Saturday, September 22, 2007 0 comments ++[ CLICK TO COMMENT ]++

Criticism of the High Inflation Supporters

I recently posted a response on the Crow Bar rebutting those who think inflation is much higher than the officially reported number. I'll paraphrase that comment here.

To give some background, some people out there (mainly the goldbugs) believe that inflation is far higher than the reported number. Many actually think that inflation is way beyond 5% (officially full inflation is around 3% with core inflation around 2% (depends on period)). An argument for inflation being higher makes no sense whatsoever. My key arguments against such view are:

  1. The market, which is smarter and more nimble than any individual, central bank, or government, has not priced in such a high inflation.
  2. Depending on the number you pick, a high inflation number implies negative economic growth (i.e. contraction). There is zero real evidence of economic contraction.

We all believe in the free market (I hope). Given that, why hasn't the market, which is smarter than anyone including central banks, priced in high inflation if inflation was actually high? Stocks will get discounted more and even less people will be investing in bonds. Very few would find interest-sensitive assets like REITs attractive. But this hasn't happened. If those claiming that inflation is much higher than 3% (or whatever it is; 2% is the core) over the last 10 years were right, the market would have discounted all these assets. Yet, that isn't the case.

Furthermore, if inflation is much higher than what is reported, (real) GDP growth would be much lower. Depending on the number you pick, the implication would also be that (real) GDP growth may be negative (because real GDP is after discounting by inflation (PCE deflator)). For example, given that GDP growth has been around 3%, if you thought inflation was more than 3% higher than the reported number, you are basically saying the US economy has been contracting for years. Yet nothing is further from the truth. You don't need to listen to the government published numbers. Go and talk to anyone running a business. Talk to people looking for work. Look at capital spending by US corporations. Talk to lower class people who will feel economic contraction first. And so on. You will find that everyone would say that the economy has been expanding and doing well (except recently--we may actually go into a recession).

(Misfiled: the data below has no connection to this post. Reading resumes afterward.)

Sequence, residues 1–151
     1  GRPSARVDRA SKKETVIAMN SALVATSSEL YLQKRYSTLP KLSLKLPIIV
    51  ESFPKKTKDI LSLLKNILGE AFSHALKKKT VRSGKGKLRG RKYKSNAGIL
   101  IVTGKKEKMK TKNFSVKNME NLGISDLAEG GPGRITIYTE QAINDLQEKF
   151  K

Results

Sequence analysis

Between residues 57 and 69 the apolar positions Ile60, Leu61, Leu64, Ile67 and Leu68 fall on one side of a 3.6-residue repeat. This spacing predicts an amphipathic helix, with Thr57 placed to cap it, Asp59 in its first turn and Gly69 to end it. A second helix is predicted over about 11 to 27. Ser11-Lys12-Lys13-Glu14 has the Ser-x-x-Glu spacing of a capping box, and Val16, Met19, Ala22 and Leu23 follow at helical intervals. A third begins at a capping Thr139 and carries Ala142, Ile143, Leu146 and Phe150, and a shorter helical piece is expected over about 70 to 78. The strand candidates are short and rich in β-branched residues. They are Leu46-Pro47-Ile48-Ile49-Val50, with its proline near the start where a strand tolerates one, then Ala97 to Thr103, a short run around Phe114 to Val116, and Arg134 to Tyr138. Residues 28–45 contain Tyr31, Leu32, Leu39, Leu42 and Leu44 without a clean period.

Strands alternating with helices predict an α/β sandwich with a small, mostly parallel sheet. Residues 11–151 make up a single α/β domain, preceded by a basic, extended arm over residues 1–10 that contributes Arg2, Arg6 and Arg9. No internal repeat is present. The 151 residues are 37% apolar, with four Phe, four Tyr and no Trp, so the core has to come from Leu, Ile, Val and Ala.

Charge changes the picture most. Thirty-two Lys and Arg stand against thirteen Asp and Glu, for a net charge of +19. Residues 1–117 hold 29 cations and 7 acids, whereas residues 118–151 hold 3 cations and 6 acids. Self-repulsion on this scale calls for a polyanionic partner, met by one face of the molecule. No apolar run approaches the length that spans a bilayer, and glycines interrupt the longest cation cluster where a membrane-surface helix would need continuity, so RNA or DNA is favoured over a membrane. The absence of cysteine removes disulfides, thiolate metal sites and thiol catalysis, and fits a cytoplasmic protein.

You can argue the economy is driven by debt, too much borrowing, and so on, but regardless of how the economy is being driven, a higher inflation number means real GDP growth is lower. Anyone that thinks inflation is higher than around 6% should realize that they are basically implying that the real GDP was contracting all these years. There is zero evidence of that (except in the last few months and maybe in the near future).

(Having said all that, I will admit that the recent Federal Reserve rate cut will put pressure on inflation if the cuts were unnecessary (i.e. cuts happened without the economy weakening). It looks like I sold out my gold (HMY) just before the massive rally recently but I'm still unsure that the inflationists are right. If the economy slows, it should be deflationary and the stock market rally in the last few weeks should falter. In any case, my comment is about the past, where people have been saying inflation is much higher than reported for years.)

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